Jeremy Corbyn’s call for the requisition of empty luxury homes to rehouse the victims of the Grenfell fire is significant for confirming what many of us long suspected: the Labour leader holds the concept of private property, a necessary foundation of our prosperity and freedom, in disdain. Worse, he is willing to exploit horrific events to harness public support for such an agenda.
Those who studied the Labour manifesto in detail would not be surprised by this. Though unlikely to invoke sympathy for the affected, Labour promised new legislation requiring football club owners to offer shares to fans, and an effective government veto on banks closing branches. It also pledged to introduce a provision for workers to obtain the option to be a “buyer of first refusal” when their company is up for sale.
All of these would dilute the freedom to purchase, use and dispose of property. All start from the effective premise that the state is the de facto owner of all property, and able to intervene to decide what uses and sales are “socially beneficial”. All would add significant complexity and time to the cost of selling the businesses or properties affected, deterring private‐sector investment.
Now we know the manifesto was the thin end of the wedge. On the pertinent issue of housing, Mr Corbyn has previously suggested extending the “right to buy” to the tenants of private landlords too — in essence, forcing property owners to sell at a discount. It’s hardly surprising then, given this and his “bash the rich” populism, that he feels so sanguine about exploiting this tragedy to even suggest the physical occupation of the property of others in Kensington.
But eroding freedom around property in this way would be dangerous. Well‐established private property rights are a necessary condition for prosperity. Unless one can secure the gains from your labour or risk‐taking, and guarantee the freedom to use those returns as you wish, then what is the point of working or investing?
The research of Hernando de Soto, the Peruvian development economist, has shown the vital importance of property rights in regards to housing, and how they aid the development of sophisticated financial markets. The ability to individually decide how to use our property guarantees our freedom too. If all property was owned or controlled by the government or some community, then the group of leaders in the form of the state would have complete control over us.
Clearly, there have been some situations in the past when mass mobilisation conflicts have led to the requisitioning of property in aid of the war effort. Local government uses compulsory purchase orders to buy out people’s land when there is a significant “public interest” as well.
But as utterly tragic as the Grenfell fire was, to suggest that the rehousing of up to 600 people is a level of emergency comparable to war is hard to sustain.
In fact, all of Mr Corbyn’s justifications for advocating such a policy are based on a broader critique of the social divisions in the area. In essence, the rhetorical question he himself answers is: “how can it be right that some people have nowhere to live when others leave homes empty?”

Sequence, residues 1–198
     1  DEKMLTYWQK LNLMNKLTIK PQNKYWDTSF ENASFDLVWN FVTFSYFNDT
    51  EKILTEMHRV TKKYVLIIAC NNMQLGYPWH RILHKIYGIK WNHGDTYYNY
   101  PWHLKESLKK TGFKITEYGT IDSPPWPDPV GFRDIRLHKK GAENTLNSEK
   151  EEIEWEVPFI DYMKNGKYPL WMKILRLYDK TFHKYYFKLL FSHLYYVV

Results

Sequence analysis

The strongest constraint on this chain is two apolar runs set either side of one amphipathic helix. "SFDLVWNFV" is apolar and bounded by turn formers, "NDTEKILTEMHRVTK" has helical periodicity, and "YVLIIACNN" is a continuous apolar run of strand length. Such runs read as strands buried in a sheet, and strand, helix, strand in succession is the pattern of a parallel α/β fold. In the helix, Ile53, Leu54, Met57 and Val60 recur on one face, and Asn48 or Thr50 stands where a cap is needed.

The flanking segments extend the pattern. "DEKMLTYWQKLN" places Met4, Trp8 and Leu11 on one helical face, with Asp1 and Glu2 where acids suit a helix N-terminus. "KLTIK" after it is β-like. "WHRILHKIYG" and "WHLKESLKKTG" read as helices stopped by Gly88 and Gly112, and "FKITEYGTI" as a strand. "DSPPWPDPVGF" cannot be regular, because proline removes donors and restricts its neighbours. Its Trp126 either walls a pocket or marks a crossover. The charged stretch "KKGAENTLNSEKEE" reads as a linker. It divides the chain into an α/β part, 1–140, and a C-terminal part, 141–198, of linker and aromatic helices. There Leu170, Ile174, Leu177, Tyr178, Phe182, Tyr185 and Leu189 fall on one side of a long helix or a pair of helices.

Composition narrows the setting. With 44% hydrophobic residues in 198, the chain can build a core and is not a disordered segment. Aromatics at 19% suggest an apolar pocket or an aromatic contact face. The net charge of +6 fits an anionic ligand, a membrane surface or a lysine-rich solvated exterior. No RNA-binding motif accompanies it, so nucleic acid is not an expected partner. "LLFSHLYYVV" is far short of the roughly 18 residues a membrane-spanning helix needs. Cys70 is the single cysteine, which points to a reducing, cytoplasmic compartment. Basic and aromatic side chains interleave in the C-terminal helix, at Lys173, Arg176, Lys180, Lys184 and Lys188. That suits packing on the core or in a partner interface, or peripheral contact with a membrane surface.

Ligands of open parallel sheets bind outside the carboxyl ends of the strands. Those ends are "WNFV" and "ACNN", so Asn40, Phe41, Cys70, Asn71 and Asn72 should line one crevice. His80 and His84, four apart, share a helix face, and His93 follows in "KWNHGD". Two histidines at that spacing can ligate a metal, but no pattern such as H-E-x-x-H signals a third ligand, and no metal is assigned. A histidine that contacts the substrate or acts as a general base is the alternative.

The real answer to the affordability crisis and the plight of people living in poor, cramped and dangerous conditions is obvious and well‐known: we need to make more land available for the development of housing.
But rather than address the structural conditions of the land market and take on the vested interests that oppose new building and defend the arbitrary greenbelt, Mr Corbyn’s simplistic and foolish answer is that the state can steal property to decide who to house where.
No doubt the victims need adequate support. But the logical consequences of Mr Corbyn’s idea would be extremely destructive. Why could this justification for requisition not be applied to all homeless people or those living in bad conditions?
Who would decide to invest in new housing developments with such expropriation looming over them? What about when the same principle is applied to business property, or anything else owned by anyone that did not live up to Mr Corbyn’s vision of what was fair and equitable?
With Brexit looming, Britain needs to remain open to foreign capital and as attractive a destination as possible for investment. But Mr Corbyn’s Labour Party, newly emboldened with most of its MPs now seemingly singing from the same Venezuelan hymn‐sheet, appears willing to put all that at risk as part of its hard‐Left agenda. Chillingly, when confronted with the prospect that taking the homes of others would be illegal, a spokesman for Mr Corbyn told the BBC: “We’d find a way to do this if necessary.”
In Britain, we take institutions such as the rule of law and effective private property rights for granted. But countless examples through history and around the world show that they must be defended from pernicious ideologies such as the socialism that underpins Mr Corbyn’s agenda.
With a heightening frequency of terrorist attacks, the uncertainties of Brexit and the hard Left running riot following the election, Britain currently gives every impression of being on the ropes politically.
The environment is ripe for overt populism and Mr Corbyn is tapping into that anger. But one would hope that in suggesting the theft of property, Mr Corbyn’s team have overreached and the public will have seen the true nature of his ideology.